- Free Androgen Index (FAI)
- SHBG (Sex Hormone Binding Globulin)
- LH (Luteninising Hormone)
- A glucose tolerance test with accompanying insulin levels
- Cholesterol and triglyceride
- Fasting Insulin
Is PCOS curable?
With proper diagnosis and treatment, most PCOS symptoms can be adequately controlled or eliminated.
Infertility can be corrected and a healthy pregnancy achieved in most patients, although in some, the hormonal disturbances may recur, especially if the patient returns to unhealthy lifestyle and dietary habits and becomes overweight.
The aims of treatment are to -
- Reduce the levels of fat both from underneath the surface of the skin and around the organs inside the body
- Reduce elevated insulin levels
- Improve insulin sensitivity
- Decrease elevated androgens
- Reduce the effects of unopposed estrogen (estrogen dominance)
Although insulin-sensitizing drugs such as Metformin can help those with PCOS, it is generally agreed that dietary changes remain the best strategy for long term success. The achievement of a normal healthy body weight has been continually shown to be the most effective long term approach in relieving the symptoms and signs of PCOS. In many cases, it is not necessary to lose a lot of weight and it may be possible to regain regular ovulation with as little as an 8% reduction in body fat
The best diet to follow is one that is low in processed starchy carbohydrate and refined sugars. It can be most effective to avoid all added sugar and all grains such as wheat, rye, barley, oats, rice, and corn. The diet should contain adequate amounts of first-class proteins from eggs, seafood, fresh meat, cheese, whey protein powder and organic poultry. The diet should be high in vegetables of the raw and cooked variety.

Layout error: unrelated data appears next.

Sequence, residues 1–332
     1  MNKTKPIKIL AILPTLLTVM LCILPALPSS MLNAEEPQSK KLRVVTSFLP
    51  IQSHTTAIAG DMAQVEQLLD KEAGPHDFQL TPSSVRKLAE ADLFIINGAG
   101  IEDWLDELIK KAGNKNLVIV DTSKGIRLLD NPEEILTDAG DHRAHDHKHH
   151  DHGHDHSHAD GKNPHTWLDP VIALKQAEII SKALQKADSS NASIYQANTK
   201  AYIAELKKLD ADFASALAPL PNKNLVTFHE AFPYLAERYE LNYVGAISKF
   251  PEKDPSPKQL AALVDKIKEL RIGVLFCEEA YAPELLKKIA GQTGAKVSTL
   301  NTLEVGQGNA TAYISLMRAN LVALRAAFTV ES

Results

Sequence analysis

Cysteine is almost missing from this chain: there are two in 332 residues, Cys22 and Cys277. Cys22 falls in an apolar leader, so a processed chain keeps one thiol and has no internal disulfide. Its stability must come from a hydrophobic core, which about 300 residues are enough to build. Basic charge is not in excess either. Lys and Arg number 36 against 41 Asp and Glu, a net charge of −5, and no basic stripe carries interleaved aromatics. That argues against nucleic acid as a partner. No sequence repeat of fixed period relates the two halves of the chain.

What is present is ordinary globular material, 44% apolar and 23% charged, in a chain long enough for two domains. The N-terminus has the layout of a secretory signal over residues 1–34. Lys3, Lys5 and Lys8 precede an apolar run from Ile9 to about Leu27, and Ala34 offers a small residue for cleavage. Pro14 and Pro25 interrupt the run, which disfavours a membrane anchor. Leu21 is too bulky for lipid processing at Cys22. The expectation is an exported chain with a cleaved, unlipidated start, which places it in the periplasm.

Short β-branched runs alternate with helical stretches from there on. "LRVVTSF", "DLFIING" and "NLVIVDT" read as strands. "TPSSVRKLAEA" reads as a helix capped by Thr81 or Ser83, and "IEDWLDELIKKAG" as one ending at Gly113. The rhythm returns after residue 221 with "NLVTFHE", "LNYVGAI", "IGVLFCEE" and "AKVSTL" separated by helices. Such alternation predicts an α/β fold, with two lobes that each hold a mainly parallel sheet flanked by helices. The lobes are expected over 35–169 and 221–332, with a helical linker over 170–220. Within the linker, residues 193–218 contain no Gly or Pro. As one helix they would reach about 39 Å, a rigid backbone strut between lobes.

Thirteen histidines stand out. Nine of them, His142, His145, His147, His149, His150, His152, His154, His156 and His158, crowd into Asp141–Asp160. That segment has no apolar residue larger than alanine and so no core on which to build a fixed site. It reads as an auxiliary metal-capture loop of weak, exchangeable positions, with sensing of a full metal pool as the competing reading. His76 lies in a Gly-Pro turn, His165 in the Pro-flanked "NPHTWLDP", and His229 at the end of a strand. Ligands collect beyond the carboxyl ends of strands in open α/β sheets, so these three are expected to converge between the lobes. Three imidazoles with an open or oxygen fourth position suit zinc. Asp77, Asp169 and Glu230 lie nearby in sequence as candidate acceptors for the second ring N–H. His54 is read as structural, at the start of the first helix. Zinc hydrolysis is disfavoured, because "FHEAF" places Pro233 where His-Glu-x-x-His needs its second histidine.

If you are battling with a weight problem, you will find the diet plan in my book titled “I Can’t Lose Weight and I Don’t Know Why” very effective for losing your excess weight. This is a low carbohydrate diet and reduces insulin levels and promotes general well being.
It is possible to help the body to respond better to the effects of insulin and promote fat burning by using nutritional supplements.
The most useful supplements for this purpose include
- Gymnema Sylvestre (GS)
- Bitter Melon
- Chromium picolinate
- Lipoic Acid
- Carnitine fumarate
The supplement known as Glicemic balance combines the most important herbs to reduce insulin resistance.
Studies have shown that exercise programs that specifically combine aerobic exercise (such as jogging, walking and swimming) along with a resistance program (such as low impact exercise with weights) will improve insulin sensitivity. It seems that the effects last for around 3 to 6 days after the last exercise session. Therefore, exercise is recommended at least three times per week, to get the maximum long term benefit.
Metformin has been shown in some studies to have a beneficial effect on menstrual regulation and has shown promising results in PCOS patients with hirsutism, but its effects on infertility and other PCOS symptoms are unknown. Whether the addition of insulin sensitizing drugs like Metformin to healthy diet and lifestyle changes, is of significant benefit, is still under debate.
Most women with PCOS are deficient in progesterone. Many of these patients can benefit from the use of natural progesterone in the form of creams, troches or capsules. Natural progesterone does not aggravate insulin resistance or cholesterol problems, whereas synthetic progestogens do. Natural progesterone does not increase weight, and may help to relieve many of the symptoms of PCOS. The use of natural progesterone will confer a protective effect on the lining of the uterus (endometrium) and thus reduce the risk of uterine cancer. Natural progesterone does not provide contraception and may increase fertility.
The oral contraceptive pill (OCP)